First Lady Michelle Obama holds Snapchat media time with Press Secretary Joanna Rosholm and Senior Video Producer Duncan Wolfe in the Map Room of the White House, June 21, 2016. (Official White House Photo by Amanda Lucidon) This official White House photograph is being made available only for publication by Chapman University. The photograph may not be manipulated in any way and may not be used in commercial or political materials, advertisements, emails, products, promotions that in any way suggests approval or endorsement of the President, the First Family, or the White House.

Alumna Joanna Rosholm ’07, working as the First Lady’s press secretary, talks about a capital career

Before she was press secretary to First Lady Michelle Obama, Joanna Rosholm ’07 was a Chapman University student sitting in a political communications class. That’s where she first got the inkling that politics was for her.

It was a good hunch. Today Rosholm is part of the White House team helping Michelle Obama advance her main initiatives focusing on health, education and military families. Here the communication studies
alumna talks about her behind-the-scenes work and what comes next after her three years in the White House.

How did you get the political bug? Any Chapman experiences or professors help spark that?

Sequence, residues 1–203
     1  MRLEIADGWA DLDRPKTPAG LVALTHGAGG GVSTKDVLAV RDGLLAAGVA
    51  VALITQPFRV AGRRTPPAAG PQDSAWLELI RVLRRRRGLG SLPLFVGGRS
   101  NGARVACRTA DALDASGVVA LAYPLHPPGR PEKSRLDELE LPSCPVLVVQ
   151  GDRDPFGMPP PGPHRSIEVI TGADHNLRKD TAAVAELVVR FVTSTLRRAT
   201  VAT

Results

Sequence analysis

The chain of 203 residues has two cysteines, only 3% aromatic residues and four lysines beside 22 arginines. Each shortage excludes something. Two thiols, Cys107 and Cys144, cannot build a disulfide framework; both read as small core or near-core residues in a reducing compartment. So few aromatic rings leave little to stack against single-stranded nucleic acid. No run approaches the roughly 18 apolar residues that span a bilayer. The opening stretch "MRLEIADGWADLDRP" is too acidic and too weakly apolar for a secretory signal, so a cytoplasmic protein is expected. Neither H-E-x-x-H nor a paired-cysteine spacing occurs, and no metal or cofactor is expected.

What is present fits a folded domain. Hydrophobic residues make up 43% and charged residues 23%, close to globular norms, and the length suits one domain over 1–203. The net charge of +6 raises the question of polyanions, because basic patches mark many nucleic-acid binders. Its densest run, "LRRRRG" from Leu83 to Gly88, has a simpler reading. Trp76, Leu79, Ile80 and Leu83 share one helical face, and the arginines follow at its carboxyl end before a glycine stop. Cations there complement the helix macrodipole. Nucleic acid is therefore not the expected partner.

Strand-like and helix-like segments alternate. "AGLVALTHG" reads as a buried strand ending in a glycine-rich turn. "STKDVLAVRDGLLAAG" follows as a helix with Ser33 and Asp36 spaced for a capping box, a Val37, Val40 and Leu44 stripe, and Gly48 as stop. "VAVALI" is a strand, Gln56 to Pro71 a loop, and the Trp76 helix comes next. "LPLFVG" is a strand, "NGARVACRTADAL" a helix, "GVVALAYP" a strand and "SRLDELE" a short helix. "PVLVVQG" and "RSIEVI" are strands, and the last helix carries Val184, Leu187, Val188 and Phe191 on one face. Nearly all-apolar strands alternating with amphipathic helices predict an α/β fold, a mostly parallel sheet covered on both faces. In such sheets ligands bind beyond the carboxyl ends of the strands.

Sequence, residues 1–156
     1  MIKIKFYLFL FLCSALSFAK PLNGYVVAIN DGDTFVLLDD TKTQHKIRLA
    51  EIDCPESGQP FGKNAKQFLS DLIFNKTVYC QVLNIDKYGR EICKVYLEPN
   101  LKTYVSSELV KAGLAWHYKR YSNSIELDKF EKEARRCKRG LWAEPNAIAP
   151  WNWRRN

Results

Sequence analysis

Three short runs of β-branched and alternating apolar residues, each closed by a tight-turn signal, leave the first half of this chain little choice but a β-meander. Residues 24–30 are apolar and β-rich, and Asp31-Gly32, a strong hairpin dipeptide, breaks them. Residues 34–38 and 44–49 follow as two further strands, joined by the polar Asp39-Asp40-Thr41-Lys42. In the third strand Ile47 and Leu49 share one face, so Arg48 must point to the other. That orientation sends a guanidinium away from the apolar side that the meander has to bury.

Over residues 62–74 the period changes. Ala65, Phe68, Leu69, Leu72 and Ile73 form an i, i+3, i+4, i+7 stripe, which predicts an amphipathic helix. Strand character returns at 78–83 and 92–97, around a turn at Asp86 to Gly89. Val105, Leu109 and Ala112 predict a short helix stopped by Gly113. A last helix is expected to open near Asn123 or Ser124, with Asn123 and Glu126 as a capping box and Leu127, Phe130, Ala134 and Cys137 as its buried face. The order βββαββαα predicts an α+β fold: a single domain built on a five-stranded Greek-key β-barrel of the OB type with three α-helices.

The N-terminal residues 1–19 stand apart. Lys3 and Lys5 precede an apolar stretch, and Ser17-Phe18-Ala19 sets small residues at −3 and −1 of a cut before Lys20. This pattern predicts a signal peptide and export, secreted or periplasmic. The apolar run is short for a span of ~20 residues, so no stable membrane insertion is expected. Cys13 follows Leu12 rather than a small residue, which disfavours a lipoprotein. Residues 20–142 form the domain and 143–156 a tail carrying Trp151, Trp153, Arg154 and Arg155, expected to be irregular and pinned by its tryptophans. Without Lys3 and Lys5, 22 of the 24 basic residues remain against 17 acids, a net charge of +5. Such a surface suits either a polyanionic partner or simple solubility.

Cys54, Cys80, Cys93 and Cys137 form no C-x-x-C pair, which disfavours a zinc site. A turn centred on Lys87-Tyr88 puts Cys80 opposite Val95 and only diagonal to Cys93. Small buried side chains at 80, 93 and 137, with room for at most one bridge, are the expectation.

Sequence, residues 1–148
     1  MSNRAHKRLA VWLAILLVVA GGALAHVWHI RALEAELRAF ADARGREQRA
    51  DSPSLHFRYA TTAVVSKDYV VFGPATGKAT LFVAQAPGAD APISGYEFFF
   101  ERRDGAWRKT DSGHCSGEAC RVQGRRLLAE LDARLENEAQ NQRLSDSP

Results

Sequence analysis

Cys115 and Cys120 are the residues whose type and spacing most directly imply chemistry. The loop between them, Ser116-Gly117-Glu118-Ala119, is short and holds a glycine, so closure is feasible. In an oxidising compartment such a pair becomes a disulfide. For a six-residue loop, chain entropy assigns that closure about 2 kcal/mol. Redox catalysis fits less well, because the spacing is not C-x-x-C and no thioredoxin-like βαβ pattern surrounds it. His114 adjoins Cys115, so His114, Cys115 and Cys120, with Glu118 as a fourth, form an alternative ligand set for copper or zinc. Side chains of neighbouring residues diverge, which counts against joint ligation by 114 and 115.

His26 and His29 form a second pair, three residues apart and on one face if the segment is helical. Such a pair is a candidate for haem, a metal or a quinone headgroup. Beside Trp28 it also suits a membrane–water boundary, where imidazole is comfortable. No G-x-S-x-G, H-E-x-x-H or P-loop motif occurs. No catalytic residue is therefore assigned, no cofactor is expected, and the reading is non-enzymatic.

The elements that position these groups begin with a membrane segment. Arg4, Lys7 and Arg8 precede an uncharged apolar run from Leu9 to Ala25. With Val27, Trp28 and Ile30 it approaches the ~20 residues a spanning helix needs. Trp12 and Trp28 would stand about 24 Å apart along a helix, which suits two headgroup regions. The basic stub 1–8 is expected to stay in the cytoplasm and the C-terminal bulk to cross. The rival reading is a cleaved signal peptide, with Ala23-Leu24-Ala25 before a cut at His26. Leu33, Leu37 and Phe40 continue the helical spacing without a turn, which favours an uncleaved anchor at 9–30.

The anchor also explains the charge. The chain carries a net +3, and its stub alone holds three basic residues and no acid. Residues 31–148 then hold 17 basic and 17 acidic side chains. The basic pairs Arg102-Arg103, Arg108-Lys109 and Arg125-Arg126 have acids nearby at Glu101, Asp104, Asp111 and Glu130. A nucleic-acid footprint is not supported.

I actually caught the political bug at Chapman! My political communications professor, Dr. Kevin Jones, taught an amazing class that inspired me to want to learn more, so he helped me find supplemental reading and even helped me throughout the process of applying to graduate school to further my studies.

What attracted you to behind-the-scenes political communications?

I will never forget watching a clip from the movie The American President in Dr. Jones’ class.  He told us that many former White House staff members were consulted in the making of the movie to make it as accurate as possible. I was so intrigued by that behind-the-scenes peek at the life of political communication, and I wanted to learn more.

Most of us have seen The West Wing, Veep or House of Cards. How is the reality of working in the White House different from our television impressions?

With any TV show or movie, there are a lot of similarities and some differences.  We work very long hours, we have our work phones with us wherever we go and are always on call. One difference: the White House really is usually smaller than people think, so you are constantly walking by and among very important and fascinating people. When Marine One lands on the South Lawn, it’s right outside my window – and very loud!

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First Lady Michelle Obama works with press secretary Joanna Rosholm ’07 during video tapings for the Abraham Lincoln Library, Joining Forces Easter Seals and Joining Forces Impact Pledge, in the Map Room of the White House in May 2015. (Official White House Photo by Lawrence Jackson)

What was one of your first “this-is-really-the-White-House” moments on the job?